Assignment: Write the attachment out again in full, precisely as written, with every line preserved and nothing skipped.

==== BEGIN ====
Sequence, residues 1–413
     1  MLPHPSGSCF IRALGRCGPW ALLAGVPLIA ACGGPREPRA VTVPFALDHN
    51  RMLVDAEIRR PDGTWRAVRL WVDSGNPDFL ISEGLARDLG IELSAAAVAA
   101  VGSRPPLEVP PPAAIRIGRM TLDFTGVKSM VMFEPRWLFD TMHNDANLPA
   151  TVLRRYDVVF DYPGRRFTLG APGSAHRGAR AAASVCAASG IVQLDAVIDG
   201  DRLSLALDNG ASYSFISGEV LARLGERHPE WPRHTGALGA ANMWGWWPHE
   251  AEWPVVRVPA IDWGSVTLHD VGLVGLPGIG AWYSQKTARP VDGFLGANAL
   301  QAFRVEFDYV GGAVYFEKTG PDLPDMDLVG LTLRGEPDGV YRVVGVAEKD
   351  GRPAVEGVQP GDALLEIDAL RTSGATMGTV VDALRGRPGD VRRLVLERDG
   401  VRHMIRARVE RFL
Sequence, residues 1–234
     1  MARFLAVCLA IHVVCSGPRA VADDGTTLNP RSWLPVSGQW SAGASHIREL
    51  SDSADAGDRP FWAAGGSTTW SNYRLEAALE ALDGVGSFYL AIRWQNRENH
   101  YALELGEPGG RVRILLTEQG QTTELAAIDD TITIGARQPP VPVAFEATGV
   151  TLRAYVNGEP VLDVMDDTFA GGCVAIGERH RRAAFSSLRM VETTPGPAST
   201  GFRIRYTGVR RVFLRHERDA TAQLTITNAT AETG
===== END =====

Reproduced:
Sequence, residues 1–413
     1  MLPHPSGSCF IRALGRCGPW ALLAGVPLIA ACGGPREPRA VTVPFALDHN
    51  RMLVDAEIRR PDGTWRAVRL WVDSGNPDFL ISEGLARDLG IELSAAAVAA
   101  VGSRPPLEVP PPAAIRIGRM TLDFTGVKSM VMFEPRWLFD TMHNDANLPA
   151  TVLRRYDVVF DYPGRRFTLG APGSAHRGAR AAASVCAASG IVQLDAVIDG
   201  DRLSLALDNG ASYSFISGEV LARLGERHPE WPRHTGALGA ANMWGWWPHE
   251  AEWPVVRVPA IDWGSVTLHD VGLVGLPGIG AWYSQKTARP VDGFLGANAL
   301  QAFRVEFDYV GGAVYFEKTG PDLPDMDLVG LTLRGEPDGV YRVVGVAEKD
   351  GRPAVEGVQP GDALLEIDAL RTSGATMGTV VDALRGRPGD VRRLVLERDG
   401  VRHMIRARVE RFL
Sequence, residues 1–234
     1  MARFLAVCLA IHVVCSGPRA VADDGTTLNP RSWLPVSGQW SAGASHIREL
    51  SDSADAGDRP FWAAGGSTTW SNYRLEAALE ALDGVGSFYL AIRWQNRENH
   101  YALELGEPGG RVRILLTEQG QTTELAAIDD TITIGARQPP VPVAFEATGV
   151  TLRAYVNGEP VLDVMDDTFA GGCVAIGERH RRAAFSSLRM VETTPGPAST
   201  GFRIRYTGVR RVFLRHERDA TAQLTITNAT AETG